The demise of democracy: Part 1 (USA)
For the past half century, democracy has been the political ideology. The cold war saw a concerted effort to promote democracy, led by the USA. Since then, more and more countries have moved towards some form of democracy as the specter of communism was beat back. The idea of everyone’s opinion being considered in an equal and fair manner, without prejudice, captured the imagination of millions around the world. The recent spate of political upheaval in Arab stats, dubbed the Arab Spring, was heralded as the dawning of true democracy in the Middle East. But reality presents a far more murky picture, one where democracy’s success and future are both called into question. Here’s an examination of where democracy stands across the world.
THE WEST (USA)
One of the biggest proponents of democracy, the US itself has found its political system mired in partisan deadlock in recent times. Ever since Newt Gingrich’s political blockade against Bill Clinton, both Republicans and Democrats have used their time as the opposition to do just that – opposing virtually everything that comes their way. The filibuster has been used endlessly in the Senate, and often for entirely trivial matters. Most recently, the House of Representatives has become the new place of gridlock with dozens of bills stuck in committees and a sizable collection of party-line votes.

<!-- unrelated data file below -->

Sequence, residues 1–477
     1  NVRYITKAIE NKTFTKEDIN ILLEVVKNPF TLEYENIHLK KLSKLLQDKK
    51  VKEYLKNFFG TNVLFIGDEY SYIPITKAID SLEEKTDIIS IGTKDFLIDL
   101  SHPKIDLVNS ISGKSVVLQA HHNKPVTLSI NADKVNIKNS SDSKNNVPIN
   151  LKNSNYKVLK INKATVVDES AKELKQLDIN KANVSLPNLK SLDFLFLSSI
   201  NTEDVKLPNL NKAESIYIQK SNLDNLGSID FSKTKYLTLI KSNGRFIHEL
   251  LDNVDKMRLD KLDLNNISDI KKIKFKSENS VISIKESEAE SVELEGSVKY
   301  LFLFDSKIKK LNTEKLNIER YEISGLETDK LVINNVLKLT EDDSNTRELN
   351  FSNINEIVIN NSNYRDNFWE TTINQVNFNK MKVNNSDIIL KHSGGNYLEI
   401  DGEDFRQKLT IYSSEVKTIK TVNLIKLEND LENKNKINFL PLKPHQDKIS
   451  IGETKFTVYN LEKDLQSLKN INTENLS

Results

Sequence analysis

The long list of unapproved nominations to various government positions is another case in point. Both Bush and Obama have had difficulty getting nominees approved. Many commentators have rued the over politicization of judicial appointments. It’s not that nominees are outright rejected (ignoring the question of competence or capacity), a vast number of them are simply never voted on. It is telling that mistrust in the US political system is at new heights. Disapproval of Congress, supposedly the US home of democratic representation, is at an all time high with nearly 80%# disapproving of Congress’s work.
Ideologically, more and more voters class themselves as independents; but ironically, the number of independent senators and representatives is dwindling, both in terms of ideology and party affiliation. Indeed, the emergency of the Tea Party has pushed the Republican party further to the right, unseating many moderates in the process.
While one could legitimately argue that this is all just a part of the democratic process, one can’t but help question whether democracy remains the undisputed king of all political systems.
Next time: The West (Europe)